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, Volume: 17( 3)

From Synthesis to Biotechnological Applications: Cationic Polymer Nanoparticles and Nanogels

Liam Carter
Department of Biotechnology,
University of Cambodia, Phnom Penh,
E-mail: [email protected]

Received: January 21, 2022, Manuscript No. TSCT-22-48085; Editor assigned: January 24, 2022, PreQC No. TSCT-22-48085 (PQ); Reviewed: February 07, 2022, QC No. TSCT-22-48085; Revised: March 21, 2022, Manuscript No. TSCT-22-48085 (R); Published: March 31, 2022

Citation: Carter L. From Synthesis to Biotechnological Applications: Cationic Polymer Nanoparticles and Nanogels. Chem Tech Ind J. 2022;17(3):004


Aqueous polymeric dispersions created by polymerization procedures in dispersed media to produce polymeric particles with sizes in the colloidal range have attracted increasing interest from both academic and industry perspectives over the last several decades. Adhesives, water based coatings, textiles, paper, additives, and flocculants are just a few of the applications for these nanoparticles. They can also be used as fine or high-value polymeric materials in medical diagnostic tests, antibody purifications, drug delivery systems, and calibration material.

Monodisperse polymer colloids have shown to be excellent model systems for investigating a variety of colloidal phenomena and creating new industrial applications. The majority of the tests have been conducted using negatively charged particles, with positively charged samples receiving minimal attention. The term "cationic latexes" is commonly used in the literature of polymer colloids to refer to cationic polymeric particles. The manufacture of cationic polymer particles and nanogels by emulsion polymerization will be thoroughly discussed in this review. The kinetics of cationic systems will be studied in depth and compared to those of well-known anionic systems.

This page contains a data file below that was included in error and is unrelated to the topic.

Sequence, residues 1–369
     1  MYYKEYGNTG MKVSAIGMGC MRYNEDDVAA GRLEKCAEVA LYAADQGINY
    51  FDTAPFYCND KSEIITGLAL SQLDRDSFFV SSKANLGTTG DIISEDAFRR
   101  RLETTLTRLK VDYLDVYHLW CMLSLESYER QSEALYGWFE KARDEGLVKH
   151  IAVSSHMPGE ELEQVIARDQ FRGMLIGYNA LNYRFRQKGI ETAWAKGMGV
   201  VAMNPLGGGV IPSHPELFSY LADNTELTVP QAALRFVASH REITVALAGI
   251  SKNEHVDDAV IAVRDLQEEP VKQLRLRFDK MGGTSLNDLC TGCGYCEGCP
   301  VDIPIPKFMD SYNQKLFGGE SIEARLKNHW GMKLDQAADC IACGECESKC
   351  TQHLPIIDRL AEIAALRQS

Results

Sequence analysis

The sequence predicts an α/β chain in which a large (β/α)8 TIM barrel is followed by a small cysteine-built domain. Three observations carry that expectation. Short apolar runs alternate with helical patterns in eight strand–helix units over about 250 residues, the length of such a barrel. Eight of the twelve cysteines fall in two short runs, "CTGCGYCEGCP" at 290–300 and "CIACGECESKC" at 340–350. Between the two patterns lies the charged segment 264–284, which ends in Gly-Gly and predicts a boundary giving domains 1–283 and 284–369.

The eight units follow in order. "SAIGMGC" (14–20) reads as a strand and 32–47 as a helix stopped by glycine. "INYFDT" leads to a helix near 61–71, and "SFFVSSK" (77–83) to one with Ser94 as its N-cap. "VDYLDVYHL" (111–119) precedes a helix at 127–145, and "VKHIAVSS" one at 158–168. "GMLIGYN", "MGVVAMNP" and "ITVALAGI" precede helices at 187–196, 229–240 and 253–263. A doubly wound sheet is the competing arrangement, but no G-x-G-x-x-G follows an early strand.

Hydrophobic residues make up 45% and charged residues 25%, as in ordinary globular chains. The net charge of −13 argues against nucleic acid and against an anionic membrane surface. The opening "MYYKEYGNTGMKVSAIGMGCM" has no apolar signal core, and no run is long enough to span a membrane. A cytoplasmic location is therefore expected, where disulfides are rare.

The polymeric and colloidal properties of cationic particles/nanogels will next be reviewed, followed by a detailed description of several biotechnological uses of cationic particles/nanogels. Nowadays, in the realm of cancer therapeutics, the concept of a carrier travelling to a specific target, either passively or actively, is crucial for effective drug doses to reach the diseased region of interest without harming the surrounding healthy cells or tissues. The "magic bullet" is based on this concept.

This could include a nanometric-sized delivery platform that can be precisely targeted to tumour tissue, preventing premature fragmentation and degradation and allowing for a more concentrated drug load to pass through the cellular membrane.

This integral system could show controlled delivery by being activated by one or more stimuli such as temperature, pH, light, and so on. It should be noted that in order to release concentrated drug loads in non-healthy tissues, a reliable delivery platform with the ability to precisely control drug release with prior activation by an external stimulus is required. Another factor to consider is that particle size and functional groups have a significant influence on biodistribution and pharmacokinetics. Nanoparticles with a positive charge, for example, have a faster removal velocity than those with a negative charge, and particles between 100 and 200 nm are promptly removed from the bloodstream by the mononuclear phagocyte system if they are not protected (MPS).

However, adding biocompatible polymers like Polyethylene Glycol (PEG) to their surfaces (in the case of hard nanoparticles) prevents phagocyte activation due to steric interferences caused by the PEG chains on the nanoparticle surface, and significantly extends the average circulation life. Particles are trapped in the liver and spleen in a poor or unprotected manner. This form of surfacemodified nanoparticle can be thought of as immune system stealth, and it's employed to slow down the removal rate and prevent opsonization (labeling of nanoparticles with opsonin proteins which the macrophage recognizes, rejecting the foreign body). Because most nanocarriers target tumours passively and take advantage of their permeable vascularization and poor lymphatic drainage as a result of rapid and aggressive tumour angiogenesis, a prolonged circulation period, and thus an increase in bioavailability, is critical.

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Citations : 214

Chemical Technology: An Indian Journal received 214 citations as per Google Scholar report

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